United States marks 21st anniversary of the landmark Trafficking Victims Protection Act authored by Smith
The United States today marks the 21st anniversary of the Trafficking Victims Protection Act of 2000 (TVPA)—the historic law to combat sex and labor trafficking authored by Rep. Chris Smith (R-NJ), a recognized international leader in the fight against modern-day slavery.
Smith’s pivotal landmark legislation created a new well-funded, whole-of-government domestic and international strategy to protect victims, prosecute traffickers and, to the extent possible, prevent trafficking—which has become a more visible and urgent priority for law enforcement, educators, survivor-leaders, and advocates since Smith’s law was first enacted.
“Twenty-one years ago, the Trafficking Victims Protection Act sparked a movement and codified our Nation’s decisive condemnation of modern-day slavery and our society’s fundamental recognition that human trafficking is antithetical to the values of our country that aspires toward ideals of freedom, human rights and the rule of law,” said Smith, who has authored four additional anti-trafficking laws.
Smith said the TVPA “marked a significant turning point that prompted two decades of rapid expansion in the United States’ efforts to eradicate human trafficking and vindicate the rights of victims and survivors” and called attention to the urgent need to further combat the egregious crime at a House Foreign Affairs subcommittee hearing on trafficking earlier this week.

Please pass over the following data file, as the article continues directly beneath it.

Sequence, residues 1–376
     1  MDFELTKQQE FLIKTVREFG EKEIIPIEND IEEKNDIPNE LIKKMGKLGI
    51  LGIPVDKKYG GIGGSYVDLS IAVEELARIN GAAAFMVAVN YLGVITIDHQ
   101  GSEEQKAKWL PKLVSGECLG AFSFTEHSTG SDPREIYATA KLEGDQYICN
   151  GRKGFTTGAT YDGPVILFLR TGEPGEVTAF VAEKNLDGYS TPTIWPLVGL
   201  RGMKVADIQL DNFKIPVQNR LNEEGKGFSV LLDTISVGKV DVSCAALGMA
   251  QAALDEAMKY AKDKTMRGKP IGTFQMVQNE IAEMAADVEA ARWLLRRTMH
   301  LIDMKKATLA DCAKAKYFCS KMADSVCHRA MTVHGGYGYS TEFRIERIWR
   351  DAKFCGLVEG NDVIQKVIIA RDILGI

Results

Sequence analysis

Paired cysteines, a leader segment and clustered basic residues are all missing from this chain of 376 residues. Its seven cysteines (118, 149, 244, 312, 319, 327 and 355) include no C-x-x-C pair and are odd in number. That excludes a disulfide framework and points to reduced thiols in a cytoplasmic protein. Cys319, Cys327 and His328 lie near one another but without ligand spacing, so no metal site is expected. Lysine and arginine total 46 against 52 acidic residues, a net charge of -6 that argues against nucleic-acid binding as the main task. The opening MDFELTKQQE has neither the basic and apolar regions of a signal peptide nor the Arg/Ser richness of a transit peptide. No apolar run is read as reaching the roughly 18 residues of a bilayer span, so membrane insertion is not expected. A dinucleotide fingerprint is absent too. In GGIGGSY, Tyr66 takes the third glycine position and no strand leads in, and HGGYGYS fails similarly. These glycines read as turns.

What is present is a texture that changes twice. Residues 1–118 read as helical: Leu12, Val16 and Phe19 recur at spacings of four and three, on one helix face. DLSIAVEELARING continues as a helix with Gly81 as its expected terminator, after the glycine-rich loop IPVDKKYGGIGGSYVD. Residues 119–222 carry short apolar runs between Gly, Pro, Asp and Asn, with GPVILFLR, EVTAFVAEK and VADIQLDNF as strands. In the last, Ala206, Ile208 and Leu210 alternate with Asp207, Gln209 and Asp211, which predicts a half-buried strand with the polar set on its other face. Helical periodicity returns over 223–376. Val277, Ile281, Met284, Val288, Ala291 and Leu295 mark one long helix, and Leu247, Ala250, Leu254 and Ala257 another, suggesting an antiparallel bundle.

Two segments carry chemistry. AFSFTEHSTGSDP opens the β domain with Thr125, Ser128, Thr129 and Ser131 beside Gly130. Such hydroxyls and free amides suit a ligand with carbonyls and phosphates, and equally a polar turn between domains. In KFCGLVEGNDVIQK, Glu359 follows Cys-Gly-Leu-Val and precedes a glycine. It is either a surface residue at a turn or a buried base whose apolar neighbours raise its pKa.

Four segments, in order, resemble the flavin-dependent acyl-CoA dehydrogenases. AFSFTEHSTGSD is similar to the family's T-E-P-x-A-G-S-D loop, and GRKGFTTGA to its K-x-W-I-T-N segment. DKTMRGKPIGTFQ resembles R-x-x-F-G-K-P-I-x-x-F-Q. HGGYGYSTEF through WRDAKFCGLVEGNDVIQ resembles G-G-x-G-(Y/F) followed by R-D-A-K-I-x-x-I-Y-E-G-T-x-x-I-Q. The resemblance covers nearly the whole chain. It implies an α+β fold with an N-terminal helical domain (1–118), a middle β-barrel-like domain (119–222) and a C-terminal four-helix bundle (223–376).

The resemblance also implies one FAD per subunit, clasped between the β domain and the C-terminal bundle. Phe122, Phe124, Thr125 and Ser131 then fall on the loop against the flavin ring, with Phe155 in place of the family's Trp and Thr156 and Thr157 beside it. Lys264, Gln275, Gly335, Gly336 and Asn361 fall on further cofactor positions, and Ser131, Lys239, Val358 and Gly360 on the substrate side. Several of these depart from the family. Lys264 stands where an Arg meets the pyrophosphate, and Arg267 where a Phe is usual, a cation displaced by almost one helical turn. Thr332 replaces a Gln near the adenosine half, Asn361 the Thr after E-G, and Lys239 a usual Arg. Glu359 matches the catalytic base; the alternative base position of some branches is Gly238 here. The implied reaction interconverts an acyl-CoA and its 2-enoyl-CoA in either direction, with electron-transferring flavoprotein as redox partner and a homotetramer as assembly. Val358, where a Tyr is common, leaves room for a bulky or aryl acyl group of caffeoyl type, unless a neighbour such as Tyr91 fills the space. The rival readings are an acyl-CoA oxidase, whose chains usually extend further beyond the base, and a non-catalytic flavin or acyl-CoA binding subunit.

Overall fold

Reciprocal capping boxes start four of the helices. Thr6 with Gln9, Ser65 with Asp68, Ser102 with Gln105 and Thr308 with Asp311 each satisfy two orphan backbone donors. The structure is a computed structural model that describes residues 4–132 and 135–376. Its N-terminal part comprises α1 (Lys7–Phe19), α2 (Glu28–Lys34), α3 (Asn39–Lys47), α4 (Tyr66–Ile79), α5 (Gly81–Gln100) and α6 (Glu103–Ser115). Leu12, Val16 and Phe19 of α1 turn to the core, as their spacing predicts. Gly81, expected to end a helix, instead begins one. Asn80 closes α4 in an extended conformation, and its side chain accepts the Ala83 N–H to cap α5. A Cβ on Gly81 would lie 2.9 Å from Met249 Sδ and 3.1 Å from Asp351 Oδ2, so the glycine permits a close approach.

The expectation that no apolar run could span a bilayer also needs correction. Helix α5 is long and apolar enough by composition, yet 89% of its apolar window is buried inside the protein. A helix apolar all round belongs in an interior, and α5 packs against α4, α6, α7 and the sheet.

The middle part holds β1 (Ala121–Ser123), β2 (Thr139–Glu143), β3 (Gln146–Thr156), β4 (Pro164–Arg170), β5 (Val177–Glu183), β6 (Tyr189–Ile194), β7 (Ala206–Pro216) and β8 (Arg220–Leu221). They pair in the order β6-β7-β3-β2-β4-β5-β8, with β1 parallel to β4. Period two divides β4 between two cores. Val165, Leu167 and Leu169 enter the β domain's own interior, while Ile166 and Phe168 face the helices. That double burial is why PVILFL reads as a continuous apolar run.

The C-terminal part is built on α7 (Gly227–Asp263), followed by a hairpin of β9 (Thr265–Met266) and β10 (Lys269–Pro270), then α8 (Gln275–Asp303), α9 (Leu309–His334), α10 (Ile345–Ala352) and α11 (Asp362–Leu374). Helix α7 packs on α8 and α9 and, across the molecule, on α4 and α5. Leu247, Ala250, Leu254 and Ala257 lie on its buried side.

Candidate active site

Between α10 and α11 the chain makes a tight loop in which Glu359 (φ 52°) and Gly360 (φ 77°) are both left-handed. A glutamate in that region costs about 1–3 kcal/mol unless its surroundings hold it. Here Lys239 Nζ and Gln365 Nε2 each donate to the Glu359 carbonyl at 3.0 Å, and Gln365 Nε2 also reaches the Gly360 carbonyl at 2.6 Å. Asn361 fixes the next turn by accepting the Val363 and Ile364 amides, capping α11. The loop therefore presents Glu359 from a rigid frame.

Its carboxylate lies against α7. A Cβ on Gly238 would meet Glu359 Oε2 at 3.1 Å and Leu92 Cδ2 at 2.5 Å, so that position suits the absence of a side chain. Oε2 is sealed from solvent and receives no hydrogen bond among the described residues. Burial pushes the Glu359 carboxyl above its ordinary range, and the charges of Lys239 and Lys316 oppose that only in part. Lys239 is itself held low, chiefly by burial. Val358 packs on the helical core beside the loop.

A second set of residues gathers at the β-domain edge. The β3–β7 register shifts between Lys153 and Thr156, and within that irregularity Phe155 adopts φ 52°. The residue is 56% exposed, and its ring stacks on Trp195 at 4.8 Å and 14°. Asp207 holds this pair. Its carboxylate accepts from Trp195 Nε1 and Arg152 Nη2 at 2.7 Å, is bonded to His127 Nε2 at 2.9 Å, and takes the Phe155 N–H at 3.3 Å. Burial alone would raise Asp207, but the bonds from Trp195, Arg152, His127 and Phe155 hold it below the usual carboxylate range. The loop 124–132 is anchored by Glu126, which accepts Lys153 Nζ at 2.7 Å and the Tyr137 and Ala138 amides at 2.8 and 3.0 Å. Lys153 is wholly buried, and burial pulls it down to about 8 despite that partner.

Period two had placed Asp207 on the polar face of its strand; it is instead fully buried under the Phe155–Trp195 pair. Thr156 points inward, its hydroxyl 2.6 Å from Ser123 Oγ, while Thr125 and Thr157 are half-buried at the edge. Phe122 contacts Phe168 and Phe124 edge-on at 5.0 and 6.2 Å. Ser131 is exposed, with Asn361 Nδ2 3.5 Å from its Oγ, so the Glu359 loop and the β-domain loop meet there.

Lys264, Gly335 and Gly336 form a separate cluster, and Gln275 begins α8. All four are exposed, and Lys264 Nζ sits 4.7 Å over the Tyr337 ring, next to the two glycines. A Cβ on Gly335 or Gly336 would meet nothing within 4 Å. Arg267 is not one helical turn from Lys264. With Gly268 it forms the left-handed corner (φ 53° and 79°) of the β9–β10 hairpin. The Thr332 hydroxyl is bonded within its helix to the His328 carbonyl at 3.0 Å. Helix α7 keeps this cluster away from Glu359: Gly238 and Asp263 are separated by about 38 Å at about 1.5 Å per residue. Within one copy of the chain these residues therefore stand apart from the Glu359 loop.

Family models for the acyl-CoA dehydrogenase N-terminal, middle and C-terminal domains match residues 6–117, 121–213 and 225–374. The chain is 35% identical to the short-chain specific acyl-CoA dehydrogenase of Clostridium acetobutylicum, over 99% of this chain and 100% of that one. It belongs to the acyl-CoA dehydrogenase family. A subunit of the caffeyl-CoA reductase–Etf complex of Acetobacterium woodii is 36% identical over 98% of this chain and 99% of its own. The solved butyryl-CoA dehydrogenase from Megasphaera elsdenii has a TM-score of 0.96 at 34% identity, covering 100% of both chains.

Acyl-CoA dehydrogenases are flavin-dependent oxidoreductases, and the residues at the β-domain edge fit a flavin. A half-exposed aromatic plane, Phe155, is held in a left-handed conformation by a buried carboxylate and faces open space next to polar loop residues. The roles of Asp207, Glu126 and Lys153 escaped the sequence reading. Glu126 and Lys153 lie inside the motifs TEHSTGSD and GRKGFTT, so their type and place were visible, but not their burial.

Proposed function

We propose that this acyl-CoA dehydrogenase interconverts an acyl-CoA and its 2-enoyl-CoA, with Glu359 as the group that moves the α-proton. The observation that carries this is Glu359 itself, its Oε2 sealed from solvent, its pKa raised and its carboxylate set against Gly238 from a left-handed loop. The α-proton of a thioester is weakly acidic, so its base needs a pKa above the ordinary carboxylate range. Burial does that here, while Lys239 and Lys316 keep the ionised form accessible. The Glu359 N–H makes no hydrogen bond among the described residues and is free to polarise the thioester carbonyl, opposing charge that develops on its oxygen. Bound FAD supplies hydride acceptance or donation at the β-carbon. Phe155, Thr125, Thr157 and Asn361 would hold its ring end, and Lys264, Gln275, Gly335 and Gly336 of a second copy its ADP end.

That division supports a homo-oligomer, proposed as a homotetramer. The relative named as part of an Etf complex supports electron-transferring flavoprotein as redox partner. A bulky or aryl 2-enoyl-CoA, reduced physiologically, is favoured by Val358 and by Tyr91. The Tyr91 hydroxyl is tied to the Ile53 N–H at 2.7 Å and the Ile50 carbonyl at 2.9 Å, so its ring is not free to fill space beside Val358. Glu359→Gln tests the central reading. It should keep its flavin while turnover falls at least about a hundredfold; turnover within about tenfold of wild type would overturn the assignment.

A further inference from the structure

“While much progress has been made in the fight against human trafficking, we have more to do,” said Smith, who co-chairs the bipartisan Human Trafficking Caucus that he co-founded 15 years ago. “Pandemics, wars, and famine do not stop traffickers—we must be vigilant and innovative to protect the most vulnerable among us, especially women and children who are being reduced to commodities for sale.”
Smith pointed to several key provisions included in the Frederick Douglass Trafficking Victims Prevention and Protection Reauthorization Act of 2021 (H.R. 5150)—the bipartisan legislation he authored this year to strengthen and expand anti-trafficking programs. Named after renowned abolitionist Frederick Douglass, the survivor-informed bill was introduced last month by Smith and Rep. Karen Bass (D-CA) on the 183rd anniversary of Douglass’ escape from slavery.
Among the provisions, Smith’s legislation:
· Ramps up prevention and protection efforts against trafficking especially for children, who have experienced increased victimization from the isolation and increased online presence caused by the pandemic’s quarantine;
· Permanently establishes the survivor-led U.S. Advisory Council on Human Trafficking as a part of the U.S. Government’s commitment to survivor-informed policy;
· Reauthorizes and strengthens the International Megan’s Law authored by Smith to track convicted sex offenders living abroad and returning to the United States; and
· Includes college scholarships named after “Frederick Douglass” for survivors as an investment in their future.
“Sex and labor trafficking have no place in our society,” Smith said. “Human trafficking exploits, enslaves and attacks the dignity of the human person. We must do everything we can to stop the normalization of the abuse and exploitation of people for profit.”